Election: Gay former British soldier James Wharton on why he's voting Conservative (Opinion)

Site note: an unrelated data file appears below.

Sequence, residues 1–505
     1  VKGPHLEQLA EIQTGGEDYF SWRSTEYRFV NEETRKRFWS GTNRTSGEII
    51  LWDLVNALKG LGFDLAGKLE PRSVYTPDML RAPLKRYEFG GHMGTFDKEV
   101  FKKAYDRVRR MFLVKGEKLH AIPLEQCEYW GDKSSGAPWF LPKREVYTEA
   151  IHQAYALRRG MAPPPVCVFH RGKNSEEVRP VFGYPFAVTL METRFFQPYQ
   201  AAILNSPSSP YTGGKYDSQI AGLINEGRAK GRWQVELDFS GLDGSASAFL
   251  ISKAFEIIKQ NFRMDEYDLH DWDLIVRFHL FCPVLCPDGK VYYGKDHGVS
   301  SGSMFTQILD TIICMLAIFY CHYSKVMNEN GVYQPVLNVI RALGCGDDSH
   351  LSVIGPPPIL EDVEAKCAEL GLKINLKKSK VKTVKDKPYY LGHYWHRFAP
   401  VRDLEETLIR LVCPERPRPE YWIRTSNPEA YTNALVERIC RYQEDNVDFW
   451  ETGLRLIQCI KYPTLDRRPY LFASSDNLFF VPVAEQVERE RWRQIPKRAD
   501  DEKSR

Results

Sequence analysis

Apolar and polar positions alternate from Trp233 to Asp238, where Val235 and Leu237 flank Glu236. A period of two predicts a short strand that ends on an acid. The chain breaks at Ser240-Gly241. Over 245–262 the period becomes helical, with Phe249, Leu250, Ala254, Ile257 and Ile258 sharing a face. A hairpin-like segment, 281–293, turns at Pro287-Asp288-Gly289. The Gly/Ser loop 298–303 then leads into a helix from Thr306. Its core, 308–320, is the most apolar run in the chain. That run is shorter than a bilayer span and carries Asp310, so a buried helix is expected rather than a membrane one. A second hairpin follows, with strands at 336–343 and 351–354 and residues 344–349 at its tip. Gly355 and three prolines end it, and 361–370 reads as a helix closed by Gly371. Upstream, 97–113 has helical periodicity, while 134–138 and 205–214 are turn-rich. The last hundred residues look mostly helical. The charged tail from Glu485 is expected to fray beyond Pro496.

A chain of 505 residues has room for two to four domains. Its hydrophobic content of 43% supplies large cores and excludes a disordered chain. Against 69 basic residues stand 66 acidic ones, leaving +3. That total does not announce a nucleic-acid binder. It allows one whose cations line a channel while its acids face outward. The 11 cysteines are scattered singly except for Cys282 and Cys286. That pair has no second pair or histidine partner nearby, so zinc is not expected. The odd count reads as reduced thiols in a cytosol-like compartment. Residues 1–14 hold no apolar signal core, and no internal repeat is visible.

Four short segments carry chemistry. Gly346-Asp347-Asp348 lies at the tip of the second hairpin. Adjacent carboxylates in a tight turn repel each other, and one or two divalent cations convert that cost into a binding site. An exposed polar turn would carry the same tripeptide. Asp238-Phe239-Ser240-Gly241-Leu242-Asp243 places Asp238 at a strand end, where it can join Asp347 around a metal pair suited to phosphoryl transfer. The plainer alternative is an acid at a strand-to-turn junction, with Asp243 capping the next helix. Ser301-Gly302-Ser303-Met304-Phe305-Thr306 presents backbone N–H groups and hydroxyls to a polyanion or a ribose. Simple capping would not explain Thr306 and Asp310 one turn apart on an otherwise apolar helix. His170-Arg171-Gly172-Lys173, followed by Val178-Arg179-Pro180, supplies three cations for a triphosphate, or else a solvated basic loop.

Aspiration. Reward. Security. There’s one thing in life I’m sure of: if you work hard and put a lot of effort into something, you should be rewarded for it when the job is done, when that task is complete. I’m also a firm believer that nothing in our lives is impossible and anything we set out to accomplish can be realised with the right motivation and frame of mind. When looking at the values each political party holds, and absorbing their different visions of the future, there’s one stand out winner among them in attracting my vote on Thursday. I will, for a third time, be voting for the Conservatives. Coming from humble beginnings as I do, I’m proud that I’ve got to where I am at the age of 30 off my own back. I didn’t go to university, I didn’t have anybody pulling favours to give me opportunities over others. If ever I’ve wanted something, I’ve focused myself and gone for it. And that’s because I’m aspirational. The Tories hold aspiration central to what they stand for in modern day Britain. You want it, kid? Go for it! And reap the rewards when you do. What I see on the opposite side of the table countering this message of positivity, is a glum expression of pessimism from Labour - the party that wants to keep the poor poor, and the better-off vilified. Corbyn and his front bench of Islington-dwelling, privately educated and multi-income earning shadow-cabinet members could be world leaders of nothing other than hypocrisy, peddling an ideology that depends on poverty, lambasting those of us who aspire to achieve and earn more. Something else that’s important to me, in this election over any other, is security. At the weekend we endured yet another terror attack, the second in the space of a fortnight. It feels only obvious that we will face more in the coming months. This election was supposed to be all about Brexit and who you want to lead us in that process, but it is now also about who you want to calling the shots in a terrifying domestic issue that needs to be tackled one way or another. So, ask yourself this: who do you really want to chair COBRA meetings on national security, who do you want to make split-second calls on how to protect us from those hell-bent on killing us at pop concerts or while enjoying a night out in Vauxhall? Do you want Theresa May in that position? The longest-serving Home Secretary in history, a decisive leader who’s received national security briefings every day for the last 7 years; or do you want Jeremy Corbyn? A man who said he opposes shooting dead terrorists on British streets and who constantly has to deny suggestions he’s a terrorist sympathiser? If domestic terrorism is a problem that’s not going away any time soon, I don’t want Diane Abbott (who could well be the next home secretary) justifying her admiration for the IRA by bumbling and laughing her way through an Andrew Marr interview, drawing similarities between her statements and changing her hair style. Right now, we need steady hands, clear thought and decisive action. There isn’t so much as even a hint of this on offer from Labour under Jeremy Corbyn. Come Friday, one of two people will be taking the drive to Buckingham Palace to ask the Queen if they can, following the outcome of the election, form a Government in her name. She must say yes. So, please think long and hard before putting a cross next to any Labour candidate's name on your ballet paper, as there is suddenly so much more at stake than just the terms of our Brexit negotiation from the EU. On Thursday, when I go to the polling station at the bottom of my street, there is one choice on offer that gives me comfort in these key areas of aspiration, reward and security… and that’s the Conservative party. Words by James Wharton